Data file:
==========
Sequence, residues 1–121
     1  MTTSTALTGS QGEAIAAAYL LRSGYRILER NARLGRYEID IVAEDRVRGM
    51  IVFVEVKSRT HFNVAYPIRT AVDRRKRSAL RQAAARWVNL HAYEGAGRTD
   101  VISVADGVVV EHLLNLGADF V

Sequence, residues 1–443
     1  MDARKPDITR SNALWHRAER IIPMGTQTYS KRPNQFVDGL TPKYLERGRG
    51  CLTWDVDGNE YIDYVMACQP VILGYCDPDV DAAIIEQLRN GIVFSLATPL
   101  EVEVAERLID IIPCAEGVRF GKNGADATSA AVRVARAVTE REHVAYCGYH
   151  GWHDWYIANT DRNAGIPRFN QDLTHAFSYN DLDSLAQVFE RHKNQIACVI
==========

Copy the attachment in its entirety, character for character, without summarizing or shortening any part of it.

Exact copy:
Sequence, residues 1–121
     1  MTTSTALTGS QGEAIAAAYL LRSGYRILER NARLGRYEID IVAEDRVRGM
    51  IVFVEVKSRT HFNVAYPIRT AVDRRKRSAL RQAAARWVNL HAYEGAGRTD
   101  VISVADGVVV EHLLNLGADF V

Sequence, residues 1–443
     1  MDARKPDITR SNALWHRAER IIPMGTQTYS KRPNQFVDGL TPKYLERGRG
    51  CLTWDVDGNE YIDYVMACQP VILGYCDPDV DAAIIEQLRN GIVFSLATPL
   101  EVEVAERLID IIPCAEGVRF GKNGADATSA AVRVARAVTE REHVAYCGYH
   151  GWHDWYIANT DRNAGIPRFN QDLTHAFSYN DLDSLAQVFE RHKNQIACVI